- the ability to fine tune the control points of the overlapping images. On a simple pano like the one I just processed with no close elements it shouldn't be necessary anyway, likewise if you use a panoramic tripod head, but this has saved me a number of times in the past.

- being able to change the projection type after the images have been stitched. Leaving photoshop on auto, you are probably going to get satisfactory results, but if you wanted to change, it looks to me like you would need to start again. With PTGUi it works on auto but you can change the method used and see the results instantly. Also it has more options than PS - one I like is Verdutismo (see page here http://www.ptgui.com/man/projections.html)

- PTGUi is easier to manipulate the distortion of a stitch and very simple to set vertical points. 

 

I did purchase PTGUi pro at a time when I was doing a lot more pano work than I do now. Then I really appreciated the time saving and extra functions which make stitching panos so much simpler and at times neater than PS. But, if I was only producing the occasional pano I would just give PS a go and put up with the extra work and time involved - for now though I am pleased I don't have to!

 

Thank you Callie. I do very complicated panos, especially portraits with multiple horizontal "rows". I alway hand-hold too. From the sounds of it, PT GUI might be more accurate, or at least more able to be corrected . . . the capacity to see the different pano methods instantly is cool, though I guess the actual processing of a different method may require re-processing . . . still, at those speeds, who cares? :) (I never use Auto on PS, the set up of each shoot dictates clearly which method should be used better than any piece of software can "choose"). I think I can feel a small project for the weekend coming on . . .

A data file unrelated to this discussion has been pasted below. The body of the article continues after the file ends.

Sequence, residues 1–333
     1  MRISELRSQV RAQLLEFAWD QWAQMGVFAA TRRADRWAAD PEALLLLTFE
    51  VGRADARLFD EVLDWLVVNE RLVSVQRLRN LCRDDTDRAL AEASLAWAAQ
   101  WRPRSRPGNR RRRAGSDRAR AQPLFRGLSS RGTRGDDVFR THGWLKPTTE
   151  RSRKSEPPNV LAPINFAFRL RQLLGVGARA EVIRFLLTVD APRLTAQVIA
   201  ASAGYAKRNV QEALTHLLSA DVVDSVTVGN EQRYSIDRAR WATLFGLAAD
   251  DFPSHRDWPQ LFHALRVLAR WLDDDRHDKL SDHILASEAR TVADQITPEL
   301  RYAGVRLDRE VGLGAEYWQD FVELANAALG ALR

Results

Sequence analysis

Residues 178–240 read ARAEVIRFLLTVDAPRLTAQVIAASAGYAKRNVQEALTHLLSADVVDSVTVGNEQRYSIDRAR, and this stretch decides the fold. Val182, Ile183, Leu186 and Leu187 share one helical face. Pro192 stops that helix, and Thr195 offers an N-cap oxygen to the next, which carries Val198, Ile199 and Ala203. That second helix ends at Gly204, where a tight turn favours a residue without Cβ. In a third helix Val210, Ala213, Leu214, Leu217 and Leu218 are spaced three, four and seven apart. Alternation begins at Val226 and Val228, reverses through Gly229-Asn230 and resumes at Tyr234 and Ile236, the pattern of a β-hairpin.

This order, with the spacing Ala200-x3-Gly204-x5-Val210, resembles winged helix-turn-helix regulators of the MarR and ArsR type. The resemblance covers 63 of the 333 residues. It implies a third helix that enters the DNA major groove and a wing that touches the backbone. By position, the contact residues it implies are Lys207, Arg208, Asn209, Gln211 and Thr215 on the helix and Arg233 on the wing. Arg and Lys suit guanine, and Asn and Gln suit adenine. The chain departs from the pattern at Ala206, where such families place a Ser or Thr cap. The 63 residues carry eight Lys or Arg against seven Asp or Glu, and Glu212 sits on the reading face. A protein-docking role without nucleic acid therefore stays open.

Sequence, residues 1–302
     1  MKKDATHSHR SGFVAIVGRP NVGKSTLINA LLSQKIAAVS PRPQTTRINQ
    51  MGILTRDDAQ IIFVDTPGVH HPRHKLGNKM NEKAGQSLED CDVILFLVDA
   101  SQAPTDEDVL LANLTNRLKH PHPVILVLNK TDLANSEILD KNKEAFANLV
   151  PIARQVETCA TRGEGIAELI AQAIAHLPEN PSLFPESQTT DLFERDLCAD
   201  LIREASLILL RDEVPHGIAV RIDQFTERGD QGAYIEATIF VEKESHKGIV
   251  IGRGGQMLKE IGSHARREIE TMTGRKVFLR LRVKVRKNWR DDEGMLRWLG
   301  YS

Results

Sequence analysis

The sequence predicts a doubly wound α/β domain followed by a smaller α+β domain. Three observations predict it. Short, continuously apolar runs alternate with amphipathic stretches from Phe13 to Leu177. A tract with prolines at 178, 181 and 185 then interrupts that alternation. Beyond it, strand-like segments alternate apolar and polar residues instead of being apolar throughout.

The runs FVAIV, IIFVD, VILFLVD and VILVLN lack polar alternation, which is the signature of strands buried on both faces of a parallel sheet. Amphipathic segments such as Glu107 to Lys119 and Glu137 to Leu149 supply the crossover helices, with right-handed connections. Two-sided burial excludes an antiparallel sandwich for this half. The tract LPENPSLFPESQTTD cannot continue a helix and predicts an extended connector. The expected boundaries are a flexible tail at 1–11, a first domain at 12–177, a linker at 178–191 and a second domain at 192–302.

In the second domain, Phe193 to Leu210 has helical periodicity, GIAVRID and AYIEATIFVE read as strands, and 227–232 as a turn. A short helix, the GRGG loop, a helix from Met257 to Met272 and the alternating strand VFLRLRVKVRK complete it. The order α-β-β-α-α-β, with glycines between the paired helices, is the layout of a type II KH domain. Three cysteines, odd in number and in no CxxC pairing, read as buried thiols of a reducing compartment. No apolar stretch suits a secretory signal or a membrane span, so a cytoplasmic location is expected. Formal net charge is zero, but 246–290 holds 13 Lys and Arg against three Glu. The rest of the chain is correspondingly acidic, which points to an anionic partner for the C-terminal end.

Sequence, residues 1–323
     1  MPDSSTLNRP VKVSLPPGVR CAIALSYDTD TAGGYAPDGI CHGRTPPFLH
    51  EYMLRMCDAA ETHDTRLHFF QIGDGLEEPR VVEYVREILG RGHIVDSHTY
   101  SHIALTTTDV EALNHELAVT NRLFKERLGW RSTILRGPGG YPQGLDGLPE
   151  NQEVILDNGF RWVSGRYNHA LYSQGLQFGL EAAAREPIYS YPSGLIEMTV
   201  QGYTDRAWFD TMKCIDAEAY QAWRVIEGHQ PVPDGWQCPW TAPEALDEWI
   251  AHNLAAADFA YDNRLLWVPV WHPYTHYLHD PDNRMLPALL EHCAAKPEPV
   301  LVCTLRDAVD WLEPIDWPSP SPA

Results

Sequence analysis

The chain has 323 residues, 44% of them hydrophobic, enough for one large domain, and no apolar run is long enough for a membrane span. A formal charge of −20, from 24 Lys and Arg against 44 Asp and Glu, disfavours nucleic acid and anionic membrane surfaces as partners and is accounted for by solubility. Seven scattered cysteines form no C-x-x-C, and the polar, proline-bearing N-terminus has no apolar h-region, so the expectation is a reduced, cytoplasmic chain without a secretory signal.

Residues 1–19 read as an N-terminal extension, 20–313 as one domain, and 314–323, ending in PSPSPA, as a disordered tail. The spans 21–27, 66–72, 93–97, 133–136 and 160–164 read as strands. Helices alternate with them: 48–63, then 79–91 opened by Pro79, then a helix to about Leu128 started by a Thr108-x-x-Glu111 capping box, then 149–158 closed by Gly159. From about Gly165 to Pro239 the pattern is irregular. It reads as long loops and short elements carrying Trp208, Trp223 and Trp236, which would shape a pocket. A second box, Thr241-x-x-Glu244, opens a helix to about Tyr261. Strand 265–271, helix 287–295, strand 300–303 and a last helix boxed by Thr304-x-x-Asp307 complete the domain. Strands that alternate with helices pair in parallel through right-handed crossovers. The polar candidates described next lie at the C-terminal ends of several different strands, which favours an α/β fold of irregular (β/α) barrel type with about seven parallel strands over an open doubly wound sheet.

dd

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DD yes I think if you are hand holding it would be even more valuable to you. I do always use a tripod, but not with a pano head, I just take care not to include anything too close to the camera!

In addition to the above, I realised after posting that PTGUi does some processing in the final save, so in addition to the time to stitch what is basically a preview, it took just under 20 seconds to final process, blend and save the finished image. Still quicker than photoshop!

The only times I have had the do the initial re-alignment again is when adding extra control points. In the image I just did I added two extra to set a vertical (add two control points on the same image). After that it is necessary to hit the re-align button again, but still it is even quicker than the first time, just a few seconds!

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MDM - very out of date there and it does slow things down! Dell / Windows 7 6GB RAM

 

That is not a lot of RAM so probably makes quite a bit of difference in terms of speed. I'm out of touch with Windows versions but you need to be using a 64-bit (OS) to get the benefit of the massive speed enhancements which came when Adobe made Photoshop 64-bit in CS5 (for Mac at least). Photoshop is a bit of a beast in its RAM requirements but in older non-64-bit OS can only use less than 2Gb of RAM irrespective of how much is on machine.

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Panorama processing has to be one of the most hardware-hungry processes there is - also 8-bit or 16-bit choice which makes a big difference in processing time. I used to do them all as 16-bit when using a D700 but I usually do them as 8-bit now with the D800 for anything more than 2 or 3 files or they take ages. I'm reluctant to introduce anything new into my workflow as I don't want to spend any more time than I already do on panoramas, as PS can do most of what I want. But it's interesting to find out about other options.

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I do process mine 16 bit mostly, fine in ptgui for workflow but it does make a noticeable difference on saving if a lot of images are involved. If I do work on a very large one, say 20 images, I then use 8 bit.